Written by & under teaching.

by Robert Song Fisher (Catoctin School of Music)


The sound of splashing water at the community pool, sun-filled days with the dusk light stretching late into the evening, beach escapes, camping trips with the family, summer camps galore – it’s summer! Unfortunately, daily structured practice time can become difficult to maintain and less enticing with each passing day for some young musicians. With the myriad of “fun” activities available to many students during the summer months, spending solo practice time away from friends may not always be top priority.

This is the time of year when I find myself especially encouraging beginning students to practice like they eat pizza! Mentioning pizza usually warrants a smile in return and many, if not most, students young and old share a love for this ubiquitous dinner favorite. It is a culinary phenomenon that is planned (style, flavor, toppings anyone?), anticipated and salivated over, requiring minimal justification as the dinner of choice by millions (health implications aside). Pizza draws many to motivation, interest, intrigue and investment. So too, practice can be planned and structured in a way that “draws in” and motivates the learner, like a warm, freshly baked pizza! “Pizza” style practice time should not only include appropriate warm-ups and studies within method literature, but also time for songs and repertoire the musician finds enticing and “delicious”!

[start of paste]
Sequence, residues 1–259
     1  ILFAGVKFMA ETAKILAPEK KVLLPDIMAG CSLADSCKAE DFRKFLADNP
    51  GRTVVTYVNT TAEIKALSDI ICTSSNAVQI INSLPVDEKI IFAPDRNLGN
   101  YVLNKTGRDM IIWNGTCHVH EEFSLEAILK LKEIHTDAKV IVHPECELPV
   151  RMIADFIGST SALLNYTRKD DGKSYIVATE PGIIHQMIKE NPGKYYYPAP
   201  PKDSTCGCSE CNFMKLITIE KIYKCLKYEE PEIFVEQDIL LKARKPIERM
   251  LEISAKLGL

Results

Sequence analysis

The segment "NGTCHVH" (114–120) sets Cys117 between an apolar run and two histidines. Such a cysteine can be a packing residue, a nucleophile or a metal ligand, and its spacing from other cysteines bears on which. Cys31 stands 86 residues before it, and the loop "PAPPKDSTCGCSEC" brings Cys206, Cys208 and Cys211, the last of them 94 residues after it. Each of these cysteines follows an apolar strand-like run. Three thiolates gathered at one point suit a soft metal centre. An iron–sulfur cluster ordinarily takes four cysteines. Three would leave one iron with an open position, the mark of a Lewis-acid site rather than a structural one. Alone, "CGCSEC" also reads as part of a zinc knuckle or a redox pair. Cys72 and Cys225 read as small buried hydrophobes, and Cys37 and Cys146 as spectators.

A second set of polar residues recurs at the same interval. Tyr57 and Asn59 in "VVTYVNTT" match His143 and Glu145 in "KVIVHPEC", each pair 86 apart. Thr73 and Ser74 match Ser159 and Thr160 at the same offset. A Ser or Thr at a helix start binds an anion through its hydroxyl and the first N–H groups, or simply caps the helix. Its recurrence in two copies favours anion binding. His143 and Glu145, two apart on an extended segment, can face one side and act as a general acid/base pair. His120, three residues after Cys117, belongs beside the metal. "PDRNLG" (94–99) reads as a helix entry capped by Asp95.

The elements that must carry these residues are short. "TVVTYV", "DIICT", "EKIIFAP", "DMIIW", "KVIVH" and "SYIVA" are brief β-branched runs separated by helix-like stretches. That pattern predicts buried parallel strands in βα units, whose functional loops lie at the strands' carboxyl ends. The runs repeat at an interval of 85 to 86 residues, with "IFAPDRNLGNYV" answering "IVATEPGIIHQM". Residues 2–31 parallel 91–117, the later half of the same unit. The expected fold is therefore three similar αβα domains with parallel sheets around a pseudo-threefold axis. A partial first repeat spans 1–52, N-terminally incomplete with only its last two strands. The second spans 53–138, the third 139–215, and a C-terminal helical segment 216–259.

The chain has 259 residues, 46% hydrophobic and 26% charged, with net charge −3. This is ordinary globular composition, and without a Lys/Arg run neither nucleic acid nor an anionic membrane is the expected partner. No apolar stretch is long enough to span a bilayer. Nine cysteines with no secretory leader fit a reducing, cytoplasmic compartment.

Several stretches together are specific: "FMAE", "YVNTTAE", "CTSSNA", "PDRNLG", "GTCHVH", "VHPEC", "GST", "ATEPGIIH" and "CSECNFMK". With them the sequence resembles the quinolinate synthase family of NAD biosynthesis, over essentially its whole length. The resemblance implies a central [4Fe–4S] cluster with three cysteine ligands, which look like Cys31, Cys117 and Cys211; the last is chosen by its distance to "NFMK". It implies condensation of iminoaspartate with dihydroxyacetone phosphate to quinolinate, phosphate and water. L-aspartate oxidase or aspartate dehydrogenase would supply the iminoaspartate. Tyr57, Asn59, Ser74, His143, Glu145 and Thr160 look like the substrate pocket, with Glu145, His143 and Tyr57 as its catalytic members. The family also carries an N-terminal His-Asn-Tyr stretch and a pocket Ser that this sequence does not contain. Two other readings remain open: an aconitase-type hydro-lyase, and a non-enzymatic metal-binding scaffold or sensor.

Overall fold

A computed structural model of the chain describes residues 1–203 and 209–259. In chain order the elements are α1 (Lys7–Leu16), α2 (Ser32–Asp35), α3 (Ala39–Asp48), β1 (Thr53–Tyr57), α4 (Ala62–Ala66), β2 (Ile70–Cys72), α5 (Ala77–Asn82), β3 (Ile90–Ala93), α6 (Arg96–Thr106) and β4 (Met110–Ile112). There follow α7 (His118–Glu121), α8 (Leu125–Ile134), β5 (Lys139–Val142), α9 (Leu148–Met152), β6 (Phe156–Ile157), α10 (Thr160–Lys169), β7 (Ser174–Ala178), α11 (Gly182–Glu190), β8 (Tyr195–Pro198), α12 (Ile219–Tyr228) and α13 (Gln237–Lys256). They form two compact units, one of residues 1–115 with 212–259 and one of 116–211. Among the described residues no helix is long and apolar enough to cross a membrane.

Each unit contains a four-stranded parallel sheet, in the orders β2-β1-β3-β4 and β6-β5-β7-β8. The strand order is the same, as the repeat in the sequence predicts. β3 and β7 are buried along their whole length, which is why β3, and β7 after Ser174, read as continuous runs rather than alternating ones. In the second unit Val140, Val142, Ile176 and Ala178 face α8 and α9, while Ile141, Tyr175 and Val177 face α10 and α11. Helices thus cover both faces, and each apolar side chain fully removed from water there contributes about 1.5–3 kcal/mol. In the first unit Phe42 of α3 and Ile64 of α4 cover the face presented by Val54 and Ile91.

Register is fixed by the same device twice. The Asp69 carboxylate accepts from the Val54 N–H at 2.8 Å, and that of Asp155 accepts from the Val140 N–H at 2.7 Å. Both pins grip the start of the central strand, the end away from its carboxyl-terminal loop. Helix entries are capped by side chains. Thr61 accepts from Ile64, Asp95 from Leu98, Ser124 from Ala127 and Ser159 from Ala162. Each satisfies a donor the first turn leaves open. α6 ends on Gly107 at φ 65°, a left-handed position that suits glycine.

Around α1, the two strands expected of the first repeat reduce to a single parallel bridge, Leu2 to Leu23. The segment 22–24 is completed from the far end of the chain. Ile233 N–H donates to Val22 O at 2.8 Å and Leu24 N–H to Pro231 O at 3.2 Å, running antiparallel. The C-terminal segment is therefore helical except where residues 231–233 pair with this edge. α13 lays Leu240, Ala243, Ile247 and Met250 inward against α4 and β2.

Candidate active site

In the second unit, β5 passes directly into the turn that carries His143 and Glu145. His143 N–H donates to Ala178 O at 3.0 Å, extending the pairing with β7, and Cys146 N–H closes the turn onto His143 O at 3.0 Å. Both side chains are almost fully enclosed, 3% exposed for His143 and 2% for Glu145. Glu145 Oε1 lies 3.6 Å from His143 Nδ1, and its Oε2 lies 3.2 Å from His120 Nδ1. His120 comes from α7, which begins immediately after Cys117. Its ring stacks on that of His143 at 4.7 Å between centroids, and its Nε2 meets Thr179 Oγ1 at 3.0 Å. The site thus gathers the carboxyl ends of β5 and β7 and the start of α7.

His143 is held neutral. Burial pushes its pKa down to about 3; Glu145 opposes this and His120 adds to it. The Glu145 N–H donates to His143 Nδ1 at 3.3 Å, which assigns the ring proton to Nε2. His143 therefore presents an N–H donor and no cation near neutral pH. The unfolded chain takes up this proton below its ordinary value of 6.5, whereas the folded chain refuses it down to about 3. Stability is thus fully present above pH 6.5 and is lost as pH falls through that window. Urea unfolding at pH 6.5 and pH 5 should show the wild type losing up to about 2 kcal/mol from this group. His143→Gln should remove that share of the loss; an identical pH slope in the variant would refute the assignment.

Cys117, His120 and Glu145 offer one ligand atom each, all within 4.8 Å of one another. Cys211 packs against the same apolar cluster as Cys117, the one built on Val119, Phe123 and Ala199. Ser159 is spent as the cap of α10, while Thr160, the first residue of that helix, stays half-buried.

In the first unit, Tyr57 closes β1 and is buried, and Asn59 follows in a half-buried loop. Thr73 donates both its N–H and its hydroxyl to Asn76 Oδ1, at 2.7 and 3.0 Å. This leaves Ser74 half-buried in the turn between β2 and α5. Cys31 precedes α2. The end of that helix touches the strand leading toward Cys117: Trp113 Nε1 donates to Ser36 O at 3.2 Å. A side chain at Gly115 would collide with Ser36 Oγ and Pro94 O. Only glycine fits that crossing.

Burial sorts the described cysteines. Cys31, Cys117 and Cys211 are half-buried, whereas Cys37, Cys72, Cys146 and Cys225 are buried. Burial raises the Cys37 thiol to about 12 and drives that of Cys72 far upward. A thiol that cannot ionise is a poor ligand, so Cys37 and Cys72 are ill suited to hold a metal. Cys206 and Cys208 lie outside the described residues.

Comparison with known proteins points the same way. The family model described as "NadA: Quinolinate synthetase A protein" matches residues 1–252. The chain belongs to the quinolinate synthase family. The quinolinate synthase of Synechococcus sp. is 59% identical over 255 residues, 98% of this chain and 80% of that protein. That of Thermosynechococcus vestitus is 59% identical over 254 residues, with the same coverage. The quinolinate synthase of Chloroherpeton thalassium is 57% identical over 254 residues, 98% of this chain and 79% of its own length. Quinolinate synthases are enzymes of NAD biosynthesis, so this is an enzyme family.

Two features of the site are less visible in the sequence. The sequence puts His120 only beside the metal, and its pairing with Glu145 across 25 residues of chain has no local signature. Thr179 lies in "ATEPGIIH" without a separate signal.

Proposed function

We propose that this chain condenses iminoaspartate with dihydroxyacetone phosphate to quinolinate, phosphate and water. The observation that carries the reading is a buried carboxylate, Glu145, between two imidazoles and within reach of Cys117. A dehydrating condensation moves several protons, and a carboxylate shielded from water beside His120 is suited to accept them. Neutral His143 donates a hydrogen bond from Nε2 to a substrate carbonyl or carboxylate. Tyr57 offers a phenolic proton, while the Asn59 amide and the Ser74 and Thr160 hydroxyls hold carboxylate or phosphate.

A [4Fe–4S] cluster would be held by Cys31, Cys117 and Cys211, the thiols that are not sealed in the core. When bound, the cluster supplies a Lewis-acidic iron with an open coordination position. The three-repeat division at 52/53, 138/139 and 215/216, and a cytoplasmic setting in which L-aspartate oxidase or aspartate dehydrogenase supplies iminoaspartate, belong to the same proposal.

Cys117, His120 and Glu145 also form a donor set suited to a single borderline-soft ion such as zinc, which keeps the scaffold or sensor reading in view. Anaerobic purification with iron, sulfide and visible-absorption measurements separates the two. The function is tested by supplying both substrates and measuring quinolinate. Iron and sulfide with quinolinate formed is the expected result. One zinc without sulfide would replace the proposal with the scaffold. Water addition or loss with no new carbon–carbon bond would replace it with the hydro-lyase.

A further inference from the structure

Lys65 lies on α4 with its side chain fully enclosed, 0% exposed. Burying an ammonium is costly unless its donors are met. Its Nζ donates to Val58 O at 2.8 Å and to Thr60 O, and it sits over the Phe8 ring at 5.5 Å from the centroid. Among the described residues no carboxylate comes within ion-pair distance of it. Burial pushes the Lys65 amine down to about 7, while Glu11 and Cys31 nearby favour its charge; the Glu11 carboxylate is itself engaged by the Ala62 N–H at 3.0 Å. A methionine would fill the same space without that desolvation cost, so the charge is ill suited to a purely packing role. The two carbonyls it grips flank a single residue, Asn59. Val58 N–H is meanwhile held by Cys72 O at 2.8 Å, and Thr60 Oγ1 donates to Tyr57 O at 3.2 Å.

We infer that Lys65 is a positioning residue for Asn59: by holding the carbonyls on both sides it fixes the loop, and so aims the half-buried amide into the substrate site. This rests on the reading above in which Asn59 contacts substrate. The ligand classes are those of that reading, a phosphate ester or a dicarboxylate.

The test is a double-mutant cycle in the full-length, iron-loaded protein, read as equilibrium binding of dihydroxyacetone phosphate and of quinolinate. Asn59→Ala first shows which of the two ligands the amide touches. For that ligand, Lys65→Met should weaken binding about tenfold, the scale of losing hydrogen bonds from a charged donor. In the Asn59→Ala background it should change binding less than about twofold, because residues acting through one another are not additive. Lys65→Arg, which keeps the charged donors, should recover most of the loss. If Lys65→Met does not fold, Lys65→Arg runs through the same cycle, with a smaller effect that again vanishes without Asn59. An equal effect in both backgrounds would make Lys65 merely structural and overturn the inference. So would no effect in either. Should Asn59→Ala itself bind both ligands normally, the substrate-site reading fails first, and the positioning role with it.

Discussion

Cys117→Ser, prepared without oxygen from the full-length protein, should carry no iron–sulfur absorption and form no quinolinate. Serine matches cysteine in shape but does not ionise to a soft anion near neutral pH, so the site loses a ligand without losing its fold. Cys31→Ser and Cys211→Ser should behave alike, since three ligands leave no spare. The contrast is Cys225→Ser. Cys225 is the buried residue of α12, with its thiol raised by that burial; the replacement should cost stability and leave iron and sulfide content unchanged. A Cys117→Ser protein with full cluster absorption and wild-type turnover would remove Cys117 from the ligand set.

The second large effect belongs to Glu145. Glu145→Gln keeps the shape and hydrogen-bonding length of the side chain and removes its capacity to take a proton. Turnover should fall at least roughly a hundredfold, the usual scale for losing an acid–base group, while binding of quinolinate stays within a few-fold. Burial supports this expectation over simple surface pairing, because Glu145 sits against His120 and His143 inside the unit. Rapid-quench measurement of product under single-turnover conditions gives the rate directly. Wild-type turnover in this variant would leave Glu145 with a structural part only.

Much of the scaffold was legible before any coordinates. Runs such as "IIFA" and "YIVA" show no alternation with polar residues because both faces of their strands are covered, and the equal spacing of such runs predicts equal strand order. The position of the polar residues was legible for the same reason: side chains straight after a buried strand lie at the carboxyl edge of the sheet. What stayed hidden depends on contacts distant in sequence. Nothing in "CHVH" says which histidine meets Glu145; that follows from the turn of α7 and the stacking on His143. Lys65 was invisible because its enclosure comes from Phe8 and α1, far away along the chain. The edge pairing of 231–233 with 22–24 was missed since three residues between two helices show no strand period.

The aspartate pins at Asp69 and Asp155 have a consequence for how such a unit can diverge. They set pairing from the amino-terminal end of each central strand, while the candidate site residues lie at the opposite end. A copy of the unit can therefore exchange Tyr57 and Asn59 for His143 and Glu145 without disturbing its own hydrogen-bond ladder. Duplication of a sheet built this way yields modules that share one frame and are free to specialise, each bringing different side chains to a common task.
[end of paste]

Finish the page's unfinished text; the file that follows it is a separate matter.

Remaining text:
Balance your musical “diet”: What is musically delicious vs. nutritious?

Can you name your favorite pizza style and toppings? Now, can you name your favorite musical styles and pieces for study? Success in musical practice ultimately requires motivation. Intrinsic motivation yields the most successful and long-lasting results for most musicians. Like a delicious slice of pizza from the shop ensures repeat customers, successful and rewarding practice results in repeat practice! “Delicious practice” time is important! Practice sessions should include activities and repertoire that “taste good” to the ear and rewards the student for their time and diligence. Do you have a favorite song or musical style? Include it as part of the end of every practice session! Enjoy singing music from a particular composer, artist, band, or genre? Have this music on hand as a draw for daily practice. Want to leave practice sessions with a sense of accomplishment? It is ok to include less technical work or simplified arrangement – as long as your practice session includes music filled with joy and reward. Musicians want to connect with their music, and nothing spurs motivation in practice better than having songs that evoke joy!

As an important side note, practice time should still include “nutritious” music and activities that challenge and grow the musician. Not every scale, etude or passage will evoke ecstatic joy, yet as any seasoned musician will tell you, these are necessary aspects of practice that develop grit and expand musical ability. In the end, if practice habitually includes nothing challenging, growth will not occur and progress will stagnate. Wrestling through technique or struggling through challenging music is normal and ok! Strategic and faithful practice will eventually yield growth. It isn’t always easy, but it is necessary.